Hugh was sent back to Lincoln shortly after having taken part in the battle of Najera and distinguishing himself agai n as a good warrior and battle tactician. No more is heard of either Hugh or Katherine until 1369 by which time they ha d a son, names Thomas after his grandsire.

It was a bad year for England, Lionel, Duke of Clarence, died on his honeymoon trip. There was a rebellion in Acquitain e in April, war was declared against France. There were floods, on August 15 Queen Philippa died and plague broke out i n London.

On a local level, Hugh's stepmother died. Gildan, Hugh's half-brother died and Kettlethorpes' crops failed. Hugh was il l - it would appear to have been dysentery. Hugh and Katherine's relationship had mellowed, but Katherine appears to ha ve been quite pleased to go to Bolingbrook to wait on the Duchess Blanche. Sadly, by the time she arrived, Blanche wa s dying of plaque. Katharine nursed her and was able to locate a priest to give her the last rights. It would then appe ar that Hugh sanctioned Katherine's journey to London in Blanche's funeral train.

Quite what happened when she got to London is not really certain, but Katharine returned to Kettlethorpe as an armige r in her own right. Her blazon was designed, bestowed and registered by John. He also rewarded her, as a pension, "al l issues from, and profits from his towns of Waddington and Wellingere to be paid yearly". Hugh was, not unnaturally, n ot too happy, but seems to have accepted the reason for the gift. This was "for the care shown to the late Duchess an d for the Lancastrian children after their mother's death".

There was also a summons for a Hugh to go to France in a company led by Sir Robert Kindles. They would carry on as a fi ghting force under Kindles until John arrived to take over. The war was protracted and nothing more is heard of Hugh un til 1371. He was seriously wounded and transported back to Bordeaux in John's train. John appointed his own physician , bother William Appleton to care for him and secured lodgings for him in Bordeaux.

It was unusual for John to be so personally involved with one of his retinue. However it may have been because John ha d arranged for Katharine to travel to Bordeaux as one of the group of women picked to attend the Infanta Costanza (Cons tance) of Castile who was to be John's second wife. It is known that against John's wishes, Katharine went straight t o Hugh. It is also worth noting that Nirac de Bayanne was her escort.

No love was lost between Hugh and Nirac and this may have had some bearing on the next events. It was not until the rel ationship between Katherine and John was ending that Nirac was posthumously implicated in Hugh's death. He is reputed t o have confessed to poisoning Hugh on his death that and he repeatedly stated that neither John nor Katherine was awar e of what he had done.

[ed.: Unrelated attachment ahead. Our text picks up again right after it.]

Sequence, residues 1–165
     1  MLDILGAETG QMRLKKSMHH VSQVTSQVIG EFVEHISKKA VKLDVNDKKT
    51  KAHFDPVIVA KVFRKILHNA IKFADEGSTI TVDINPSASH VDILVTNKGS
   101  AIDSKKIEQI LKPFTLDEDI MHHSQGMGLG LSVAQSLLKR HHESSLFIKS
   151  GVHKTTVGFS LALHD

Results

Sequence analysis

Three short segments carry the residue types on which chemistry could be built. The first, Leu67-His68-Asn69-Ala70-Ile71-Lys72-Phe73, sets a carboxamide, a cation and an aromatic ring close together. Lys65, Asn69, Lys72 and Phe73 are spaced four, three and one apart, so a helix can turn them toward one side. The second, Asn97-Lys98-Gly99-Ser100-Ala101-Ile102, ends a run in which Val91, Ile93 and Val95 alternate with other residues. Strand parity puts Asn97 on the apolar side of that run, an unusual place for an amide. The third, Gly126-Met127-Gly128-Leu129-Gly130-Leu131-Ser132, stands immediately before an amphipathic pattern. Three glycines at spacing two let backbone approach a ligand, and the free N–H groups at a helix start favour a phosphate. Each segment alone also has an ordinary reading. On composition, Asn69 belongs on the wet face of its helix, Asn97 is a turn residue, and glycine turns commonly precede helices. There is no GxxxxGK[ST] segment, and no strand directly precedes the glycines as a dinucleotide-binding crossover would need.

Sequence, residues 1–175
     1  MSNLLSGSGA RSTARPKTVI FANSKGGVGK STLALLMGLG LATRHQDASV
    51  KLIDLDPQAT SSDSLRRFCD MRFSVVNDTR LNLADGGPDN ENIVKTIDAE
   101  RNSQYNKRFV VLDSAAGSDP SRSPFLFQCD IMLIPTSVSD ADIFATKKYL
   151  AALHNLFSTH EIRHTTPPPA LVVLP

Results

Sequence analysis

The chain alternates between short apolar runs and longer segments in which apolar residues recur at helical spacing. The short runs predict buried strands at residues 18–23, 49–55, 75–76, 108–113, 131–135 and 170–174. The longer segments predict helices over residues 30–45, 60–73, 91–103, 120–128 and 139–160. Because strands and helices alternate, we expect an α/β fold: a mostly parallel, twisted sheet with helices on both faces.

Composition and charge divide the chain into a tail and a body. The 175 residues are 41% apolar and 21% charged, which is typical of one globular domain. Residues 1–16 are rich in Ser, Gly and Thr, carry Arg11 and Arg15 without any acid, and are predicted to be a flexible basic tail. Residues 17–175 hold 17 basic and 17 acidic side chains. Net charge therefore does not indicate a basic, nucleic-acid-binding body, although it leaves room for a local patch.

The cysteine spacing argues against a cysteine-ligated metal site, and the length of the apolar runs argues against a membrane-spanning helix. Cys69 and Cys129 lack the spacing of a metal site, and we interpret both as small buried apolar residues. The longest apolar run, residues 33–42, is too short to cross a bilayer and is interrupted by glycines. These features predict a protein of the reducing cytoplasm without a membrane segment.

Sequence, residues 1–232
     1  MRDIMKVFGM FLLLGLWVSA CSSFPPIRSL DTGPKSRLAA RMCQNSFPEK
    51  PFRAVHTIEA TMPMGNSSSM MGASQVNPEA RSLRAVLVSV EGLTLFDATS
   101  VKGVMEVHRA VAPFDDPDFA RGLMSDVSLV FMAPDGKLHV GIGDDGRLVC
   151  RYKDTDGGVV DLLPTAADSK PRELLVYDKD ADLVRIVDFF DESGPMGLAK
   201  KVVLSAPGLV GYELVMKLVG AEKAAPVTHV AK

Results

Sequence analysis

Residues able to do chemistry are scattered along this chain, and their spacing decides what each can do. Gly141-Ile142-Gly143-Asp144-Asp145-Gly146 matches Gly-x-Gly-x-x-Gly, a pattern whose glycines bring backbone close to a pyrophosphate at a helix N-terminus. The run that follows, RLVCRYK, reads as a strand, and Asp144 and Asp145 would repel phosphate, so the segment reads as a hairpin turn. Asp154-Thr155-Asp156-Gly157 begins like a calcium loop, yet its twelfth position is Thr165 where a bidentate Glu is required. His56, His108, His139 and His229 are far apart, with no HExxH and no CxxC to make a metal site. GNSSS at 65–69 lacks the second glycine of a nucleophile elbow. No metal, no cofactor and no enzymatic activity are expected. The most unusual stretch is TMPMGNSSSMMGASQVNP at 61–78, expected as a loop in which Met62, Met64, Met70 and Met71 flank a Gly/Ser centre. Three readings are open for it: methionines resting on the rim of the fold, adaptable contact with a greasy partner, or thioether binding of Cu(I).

It would appear that he was privy to John's desire for Katherine, he hated Hugh so much that he was literally able to k ill two birds with one stone. Less than a week after Katherine is arrival, Hugh was dead. His death surprised everyon e as he had been making a good recovery. Katherine seemed to have been genuinely shocked and upset by his passing. Aide d by Brother William, she arranged for Hugh's body to be returned to England and Kettlethorpe for burial. Unusually, sh e returned to court in Bordeaux, rather than accompanying his body home. Hugh was buried at his home, and faded into ob scurity, his contribution to history was his death which left Katherine free to enter into a liaison with John.

It is known that John and Katherine disappeared for several weeks prior to his second marriage, and presumably this i s when she became his mistress. She returned to England and was obviously pregnant because she gave birth to John, late r John Beaufort. It was assumed that John was Hugh's posthumous child, but when Henry was born to John and Katherine, t hey acknowledged John as theirs.

However, Hugh's son Thomas was raised with the Duke's own children and was knighted in his own right. He inherited Kett lethorpe, which was much improved by Katherine, and he turned it into a prosperous holding. He had two wives, the firs t was Janet Crophill of Nottingham by whom he had twin children, Hugh and Dorothy. He later married an older widow, Mar garet D'Arcy when Janet died giving birth. The infant also died.

Thomas served Henry of Balingbrodce, John's son and was fiercely loyal to him. It is therefore interesting to note tha t he was Constable of Pontefract Castle during Richard's II improvements there. Richard was forced to abdicate in favou r of Henry after a few "schisms". Richard died at Pontefract and it is likely that Thomas contrived his death.